Psychopathic Traits in Adolescence


Helsinki University and Helsinki University Hospital, Forensic Psychiatry, Helsinki, Finland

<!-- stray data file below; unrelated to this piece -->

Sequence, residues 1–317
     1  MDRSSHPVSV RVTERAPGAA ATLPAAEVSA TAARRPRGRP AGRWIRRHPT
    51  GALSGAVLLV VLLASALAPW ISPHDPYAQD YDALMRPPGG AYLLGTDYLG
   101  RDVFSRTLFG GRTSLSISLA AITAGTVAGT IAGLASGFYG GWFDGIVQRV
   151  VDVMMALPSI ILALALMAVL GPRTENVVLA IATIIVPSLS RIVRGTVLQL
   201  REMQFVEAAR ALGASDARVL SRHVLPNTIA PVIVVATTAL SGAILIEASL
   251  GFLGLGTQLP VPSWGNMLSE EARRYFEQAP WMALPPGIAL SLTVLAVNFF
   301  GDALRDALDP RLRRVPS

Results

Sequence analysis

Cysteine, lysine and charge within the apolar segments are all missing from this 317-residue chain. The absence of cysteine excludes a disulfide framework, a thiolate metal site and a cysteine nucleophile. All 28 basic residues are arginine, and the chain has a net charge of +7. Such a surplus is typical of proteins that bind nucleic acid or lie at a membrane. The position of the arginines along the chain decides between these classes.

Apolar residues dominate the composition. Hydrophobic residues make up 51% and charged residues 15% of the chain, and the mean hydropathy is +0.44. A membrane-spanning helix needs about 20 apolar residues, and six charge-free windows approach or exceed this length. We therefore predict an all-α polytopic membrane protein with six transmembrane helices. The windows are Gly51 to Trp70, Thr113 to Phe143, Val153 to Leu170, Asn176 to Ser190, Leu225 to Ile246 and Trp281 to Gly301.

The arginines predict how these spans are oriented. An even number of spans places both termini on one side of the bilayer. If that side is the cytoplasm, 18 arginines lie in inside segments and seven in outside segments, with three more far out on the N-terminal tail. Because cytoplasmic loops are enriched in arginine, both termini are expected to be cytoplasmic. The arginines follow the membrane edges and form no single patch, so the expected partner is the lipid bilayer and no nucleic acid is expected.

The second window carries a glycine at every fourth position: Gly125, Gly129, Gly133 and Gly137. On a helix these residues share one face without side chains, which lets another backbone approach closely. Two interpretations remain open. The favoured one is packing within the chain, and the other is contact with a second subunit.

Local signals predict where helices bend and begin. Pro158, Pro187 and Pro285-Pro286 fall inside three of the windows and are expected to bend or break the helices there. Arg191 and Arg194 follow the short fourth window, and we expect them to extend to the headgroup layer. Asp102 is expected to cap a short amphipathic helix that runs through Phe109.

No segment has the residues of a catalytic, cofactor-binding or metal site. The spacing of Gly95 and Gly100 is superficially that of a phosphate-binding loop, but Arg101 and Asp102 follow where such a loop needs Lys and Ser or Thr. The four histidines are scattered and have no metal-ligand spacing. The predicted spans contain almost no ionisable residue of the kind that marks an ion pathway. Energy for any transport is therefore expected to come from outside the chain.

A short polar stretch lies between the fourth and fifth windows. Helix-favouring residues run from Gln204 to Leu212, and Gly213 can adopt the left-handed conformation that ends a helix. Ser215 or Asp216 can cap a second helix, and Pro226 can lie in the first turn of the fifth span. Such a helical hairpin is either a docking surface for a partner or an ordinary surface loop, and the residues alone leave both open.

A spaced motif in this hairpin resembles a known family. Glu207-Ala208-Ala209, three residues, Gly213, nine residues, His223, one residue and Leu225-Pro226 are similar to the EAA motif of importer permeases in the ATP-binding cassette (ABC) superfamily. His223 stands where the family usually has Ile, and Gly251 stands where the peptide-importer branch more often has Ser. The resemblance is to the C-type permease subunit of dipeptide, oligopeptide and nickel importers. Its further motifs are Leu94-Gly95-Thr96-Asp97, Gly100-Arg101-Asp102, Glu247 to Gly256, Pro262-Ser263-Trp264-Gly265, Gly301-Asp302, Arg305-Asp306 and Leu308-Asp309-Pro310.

The psychopathy syndrome consists of spesific interpersonal, affective and behavioral character traits. In terms of interpersonal style a ptototypical psychopath is glib and superficially charming, prone to grandiose self presentation, deceit, and manipulation. His/her deficient affective experience relates to low remorse and quilt, callousness, low empathy and lack of concience. The lifestyle reflects need for stimulation, lack of long-term goals, irresponsibility, parasitic living, and impulsivity. Current conceptualizations see psychopathy as a developmental neuropsychological disorder, and psychopathic traits on a dimensional continuum, where psychopathy is a malicious version of the extremes of normal personality traits. Based on these findings, there has been a sharp increase in interest in applying the construct of psychopathy to children and adolescents. In 2013, a specifier called “with limited prosocial emotions” for conduct disorder was introduced in the fifth version of the Diagnostic and Statistical Manual of Mental Disorders (DSM 5). The specifier is used when a conduct disordered child/adolescent exhibits two or more of the following characteristics: 1. lack of remorse or quilt, 2. callousness/ lack of empathy, 3. unconcern about his/her performance, and 4. shallow or deficient affect. According to DSM 5, children and adolescents with conduct disorder who meet criteria for the specifier have a relatively more severe form of the disorder and a show different treatment response.  On the other hand, measuring psychopathic traits among adolescents is of contraversy. Personality undergoes substantial changes during adolescence, and thus it is problematic to label developing individuals with constructs referring to stable abnormality. Debate has also been centered on whether some of the features associated with adult psychopathy are, in fact, normative and temporary features of youth. The term psychopathy has also been seen as stigmatizing, and it carries a potential for  harm when used improperly.